Outlining After the Fact, Remembering Where You’ve Been

Who did what in that last scene again?

In the popular terms of “pantser” and “plotter,” I’m not really sure what camp I fit in with yet. Besides the unique experience of NaNo, (which didn’t help me create anything of quality) I’ve never sat in front of a blank screen waiting for the characters to take action on their own accord, dumping whatever words pop into my head onto the screen. At the same time, while I like writing down bits of inspiration and short-hand scene notes for later use, I don’t create an outline of an entire book either. When I get a flash of a good idea out of order (I have to write linearly, otherwise my brain gets scrambled and I lose track of the whole book), I make a note and these scraps get stored away for later. But this isn’t an organized method–literally, it’s a respectable-sized mountain of torn scrap paper with scribbles on them. I don’t properly pants or plot.

I’m not sure if aligning myself with one of these writing methods would improve my writing, or at least improve my productivity, but I do know that whatever it is I’m doing with the current WIP–pantsing, plotting, or a combo of the two–isn’t quite working.

I noticed in the past couple weeks that, despite my commitment to writing linearly, my brain was still getting scrambled around the plot line, my memory was fuzzy regarding different characters, and before I could sit down to write anything new, I had to reread the entire book to refresh myself with the story and get into the right mindset to write more. This reviewing time was severely cutting into my writing time. After an hour read, I’d only have a half hour left over to write anything new. And then three or four days later when I had a free hour or two to dedicate to writing, I had do do it all over again because–again–I had forgotten the most recent plot developments which would inspire the next plot developments, I would have forgotten the voice–everything.

Basically, I needed a more effective method to dive into my story. Reintroducing myself to the story by rereading 15,000+ words (and growing) EVER SINGLE TIME just to write another thousand words wasn’t really getting me anywhere.

Solution? Outlining after the fact.

So I went through the six chapters I already wrote and created an outline of what happened, what characters were introduced, etc. It’s less than a page long and takes me five minutes to review before diving into chapter seven. Every time I finish writing a new chapter, I stop, reread it, and outline the major events that will need to be remembered later. Did a new character get introduced (if so, what’s their name and relationship to the MC)? Did two characters have a fight (and if so, what about)? What’s the setting?

Reading the full arc of the story in that way–seeing how chapter one links to the next one and the next, seeing the progression of events and character development in that condensed manner–is SO HELPFUL. Every new chapter I write, now, is better connected to the overall story. It’s helping me write more cohesively and with greater focus and I think when it’s revision time, it’s going to save me a massive “WHAT IS GOING ON WHAT WAS I THINKING WHEN I WROTE THIS PILE OF UNRELATED CRAP” headache.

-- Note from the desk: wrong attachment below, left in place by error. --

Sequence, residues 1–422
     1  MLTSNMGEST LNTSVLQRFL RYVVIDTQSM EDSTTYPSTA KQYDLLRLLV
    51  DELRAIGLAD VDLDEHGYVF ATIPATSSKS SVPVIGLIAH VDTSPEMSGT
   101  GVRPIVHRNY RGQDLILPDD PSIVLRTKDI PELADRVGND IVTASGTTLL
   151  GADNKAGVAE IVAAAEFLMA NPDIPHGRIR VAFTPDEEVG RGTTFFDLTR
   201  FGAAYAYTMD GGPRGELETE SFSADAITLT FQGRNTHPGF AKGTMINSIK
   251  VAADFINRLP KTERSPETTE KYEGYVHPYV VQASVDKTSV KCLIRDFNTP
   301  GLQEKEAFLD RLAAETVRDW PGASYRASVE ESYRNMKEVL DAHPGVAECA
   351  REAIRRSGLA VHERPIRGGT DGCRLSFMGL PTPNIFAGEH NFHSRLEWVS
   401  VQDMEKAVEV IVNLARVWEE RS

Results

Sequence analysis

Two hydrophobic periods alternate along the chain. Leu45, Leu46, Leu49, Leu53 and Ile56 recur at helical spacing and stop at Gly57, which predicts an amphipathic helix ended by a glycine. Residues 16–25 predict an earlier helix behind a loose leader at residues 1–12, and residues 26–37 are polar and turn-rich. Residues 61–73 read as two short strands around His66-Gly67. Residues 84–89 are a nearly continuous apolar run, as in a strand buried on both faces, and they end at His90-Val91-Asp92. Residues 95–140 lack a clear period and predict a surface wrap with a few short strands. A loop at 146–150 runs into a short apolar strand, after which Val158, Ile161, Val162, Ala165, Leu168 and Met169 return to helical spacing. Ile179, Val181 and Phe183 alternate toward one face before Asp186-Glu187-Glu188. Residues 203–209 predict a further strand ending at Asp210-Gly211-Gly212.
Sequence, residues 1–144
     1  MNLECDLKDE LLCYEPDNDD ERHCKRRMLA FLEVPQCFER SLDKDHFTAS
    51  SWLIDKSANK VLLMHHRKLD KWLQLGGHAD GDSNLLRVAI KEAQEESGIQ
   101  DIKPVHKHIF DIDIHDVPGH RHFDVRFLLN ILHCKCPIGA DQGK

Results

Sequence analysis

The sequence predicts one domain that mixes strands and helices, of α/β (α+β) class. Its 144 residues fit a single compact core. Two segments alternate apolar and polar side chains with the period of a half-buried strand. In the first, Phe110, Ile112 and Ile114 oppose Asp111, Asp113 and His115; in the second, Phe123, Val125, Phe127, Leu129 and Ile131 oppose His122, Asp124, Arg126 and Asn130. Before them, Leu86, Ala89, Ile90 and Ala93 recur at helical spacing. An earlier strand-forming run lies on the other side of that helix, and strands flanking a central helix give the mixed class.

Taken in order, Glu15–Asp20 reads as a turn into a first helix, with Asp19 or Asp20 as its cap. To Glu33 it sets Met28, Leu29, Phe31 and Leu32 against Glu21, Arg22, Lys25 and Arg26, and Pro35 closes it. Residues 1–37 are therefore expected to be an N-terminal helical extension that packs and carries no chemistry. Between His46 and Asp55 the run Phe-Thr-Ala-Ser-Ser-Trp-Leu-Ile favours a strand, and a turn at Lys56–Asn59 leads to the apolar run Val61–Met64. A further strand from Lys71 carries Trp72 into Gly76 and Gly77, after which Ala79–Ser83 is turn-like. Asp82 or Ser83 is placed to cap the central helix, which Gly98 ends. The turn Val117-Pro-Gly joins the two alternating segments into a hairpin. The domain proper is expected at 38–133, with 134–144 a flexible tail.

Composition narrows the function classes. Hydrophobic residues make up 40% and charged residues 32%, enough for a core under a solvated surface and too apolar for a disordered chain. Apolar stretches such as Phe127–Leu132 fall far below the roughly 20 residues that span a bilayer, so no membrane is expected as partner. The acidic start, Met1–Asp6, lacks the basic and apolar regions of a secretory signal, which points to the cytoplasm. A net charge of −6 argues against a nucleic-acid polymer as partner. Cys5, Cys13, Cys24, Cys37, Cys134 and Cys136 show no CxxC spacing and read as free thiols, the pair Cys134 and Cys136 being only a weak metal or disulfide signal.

Do you struggle with keeping your story straight? If so, what do you do to keep track of it all? Or do you all have magical computer brains that forget nothing?

(Image located on Flickr Creative Commons. Courtesy of Cornell University Library, Human Ecology Historical Photographs, Collection #23-2-749, item H-O-09, Div. Rare & Manuscript Collections, Cornell University Library.)


Published by hannahkarena

author & book publishing person.

6 thoughts on “Outlining After the Fact, Remembering Where You’ve Been

  1. Good idea. I like that. I’m a dyed in the wool, colour-coding plotter but it strays from time to time so an outline after event makes sense. Have you ever tried ‘drawing’ your story? Big sheets of paper, three act structure, lovely!


    1. How do you DO that color-coding plotting thing? How did you learn to do it? Is there some writing bible that outlines the steps for you? I’ve seen vague instructions or photographs depicting other writers massive color coded, wall-encompassing plotting methods before…but I don’t get them.

      I’ve never tried drawing my story before. What does that look like? I’d love pictures or examples if you have them!!


  2. This is a great idea! I like to say that I’m a recovering pantser. I don’t think I’ll ever become a full-on plotter, but my last book and my current WIP have both been semi-plotted and it was sooo helpful. I find that I have to do a bit of rereading when I settle back down to write, but usually I only need to read the preceding paragraph or two to get me back into the story. Usually.

    I’m lucky in that I don’t normally have trouble remembering what happened when, where, and to whom, but frankly, I find it surprising given that my memory in other areas of my life is utter crap and I’m on the second book in a series.

    I don’t expect things to hold out like this forever – I may start using this outlining-after-the-fact process. It’s really rather brilliant. 😀


  3. Great idea to outline as you go. I typically have a notebook that I jot down ideas in and refer to it as I write. Also, when I finish a rough draft, I print out a paper copy and fill the margins with all the questions I didn’t think to answer my first time through.


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